Family homelessness is growing in Elmhurst/Corona, though it is not readily visible. In SY 2012–13, there were 881 homeless students, and more than 1,200 children at local schools were homeless at some point from SY 2010–11 to SY 2012–13 (Figure 7). Despite this, homelessness is largely hidden since most homeless residents are living doubled up with family or friends rather than in shelters or on the street. Roughly 85% of homeless students were living doubled up in SY 2012–13, while only 11% lived in shelters and 4% lived in cars, abandoned buildings or other unfit locations. While the number of neighborhood families entering homeless shelters has remained low at between 12 and 56 each year since 2005, the number of homeless students has grown by 16% from SY 2010–11 to SY 2012–13, a trend reflective of growing neighborhood strain.
Bridging the Divide
This report began by noting community hostility to the opening of the 200-unit Boulevard Family Residence in Elmhurst/Corona, Queens, the first and only homeless family shelter in that district. That action also raised community fears that homelessness was being brought in from outside and the sheltered were being brought into their community. However, the data presented within this brief clearly suggest that the prevalence of family homelessness in the Elmhurst/Corona community is homegrown. Specifically, the correlation of increasing incomes with significant increases in rents, growing number of households paying more than 50% of their income on rent, the ongoing contraction of available low income housing, and the increased number of doubled up families indicated by the growing number of homeless students in the district, all signal a high risk for a potential surge of homeless families from within the community.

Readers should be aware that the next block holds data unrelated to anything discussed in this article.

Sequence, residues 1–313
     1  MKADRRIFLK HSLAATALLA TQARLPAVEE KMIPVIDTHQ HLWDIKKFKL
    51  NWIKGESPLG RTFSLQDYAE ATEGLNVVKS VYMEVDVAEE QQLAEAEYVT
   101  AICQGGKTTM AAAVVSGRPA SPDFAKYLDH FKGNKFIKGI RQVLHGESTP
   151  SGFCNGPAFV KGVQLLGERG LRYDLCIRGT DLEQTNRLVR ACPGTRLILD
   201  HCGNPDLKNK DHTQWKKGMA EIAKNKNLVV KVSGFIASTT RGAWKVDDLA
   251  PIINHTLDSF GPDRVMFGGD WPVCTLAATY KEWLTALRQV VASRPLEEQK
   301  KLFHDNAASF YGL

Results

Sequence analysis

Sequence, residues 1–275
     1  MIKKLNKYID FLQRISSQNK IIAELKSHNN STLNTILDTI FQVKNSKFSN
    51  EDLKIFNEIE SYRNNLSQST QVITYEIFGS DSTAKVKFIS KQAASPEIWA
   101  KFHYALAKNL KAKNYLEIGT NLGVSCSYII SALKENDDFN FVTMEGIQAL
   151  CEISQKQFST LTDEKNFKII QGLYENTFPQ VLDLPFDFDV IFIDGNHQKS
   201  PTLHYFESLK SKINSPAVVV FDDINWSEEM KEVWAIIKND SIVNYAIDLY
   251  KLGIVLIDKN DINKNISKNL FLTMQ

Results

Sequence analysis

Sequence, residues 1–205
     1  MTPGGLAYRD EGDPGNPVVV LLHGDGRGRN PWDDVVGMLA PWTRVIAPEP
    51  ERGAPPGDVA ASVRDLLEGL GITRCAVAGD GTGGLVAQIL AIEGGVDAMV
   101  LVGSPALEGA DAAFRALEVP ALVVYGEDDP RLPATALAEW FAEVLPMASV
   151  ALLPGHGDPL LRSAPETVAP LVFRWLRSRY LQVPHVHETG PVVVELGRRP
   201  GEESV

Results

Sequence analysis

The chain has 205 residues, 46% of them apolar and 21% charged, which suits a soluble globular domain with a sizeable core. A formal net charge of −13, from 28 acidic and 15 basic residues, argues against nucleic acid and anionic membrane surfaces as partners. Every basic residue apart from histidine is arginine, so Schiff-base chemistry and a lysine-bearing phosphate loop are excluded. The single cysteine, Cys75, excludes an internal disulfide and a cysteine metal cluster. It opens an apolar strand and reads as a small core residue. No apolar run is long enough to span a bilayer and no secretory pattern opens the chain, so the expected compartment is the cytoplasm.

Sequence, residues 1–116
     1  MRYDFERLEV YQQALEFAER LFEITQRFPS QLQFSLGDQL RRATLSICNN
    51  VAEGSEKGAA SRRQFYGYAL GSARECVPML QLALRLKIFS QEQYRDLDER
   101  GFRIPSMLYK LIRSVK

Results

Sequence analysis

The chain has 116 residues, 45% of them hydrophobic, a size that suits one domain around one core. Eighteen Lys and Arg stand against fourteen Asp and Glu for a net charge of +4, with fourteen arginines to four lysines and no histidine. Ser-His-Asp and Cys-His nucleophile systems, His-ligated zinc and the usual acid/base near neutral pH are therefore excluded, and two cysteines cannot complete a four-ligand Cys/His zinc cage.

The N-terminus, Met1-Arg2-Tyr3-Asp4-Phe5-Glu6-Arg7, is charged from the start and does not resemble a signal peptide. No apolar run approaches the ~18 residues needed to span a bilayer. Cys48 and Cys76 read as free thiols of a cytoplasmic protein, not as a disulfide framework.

Without careful planning, community development and gentrification often pushes lower income residents out of desired and affordable neighborhoods. Such has been the case in Brooklyn over the past several years. Whether or not Elmhurst/Corona will be able to stem the tide remains to be seen. However, by understanding that a potential crisis is on the doorstep, this community has a unique opportunity to manage, and hopefully reduce, the instability that ultimately drives many families into homelessness.
1 Jackie Strawbridge, “Elmhurst United Protests Pan Am Conditions,” Queens Tribune, December 18, 2014. Bytes of the Big Apple, Selected Facilities and Program Sites, December 2014, www.nyc.gov accessed October 19, 2015. | Katie Honan, “Pan Am Hotel Quietly Reopens as Homeless Shelter,” DNA Info, June 12, 2014. New York City Department of Education, unpublished data tabulated by the Institute for Children, Poverty, and Homelessness.
4 Rent refers to contract rent. Contract rent is the monthly rent agreed to or contracted for, regardless of any furnishings, utilities, fees, meals, or services that may be included. For vacant units, it is the monthly rent asked for the rental unit at the time of interview. Includes occupied housing units that were for rent, vacant housing units that were for rent, and vacant units rented but not occupied at the time of interview.
5 Office of Children and Family Services, 2013 Division of Child Care Services Data.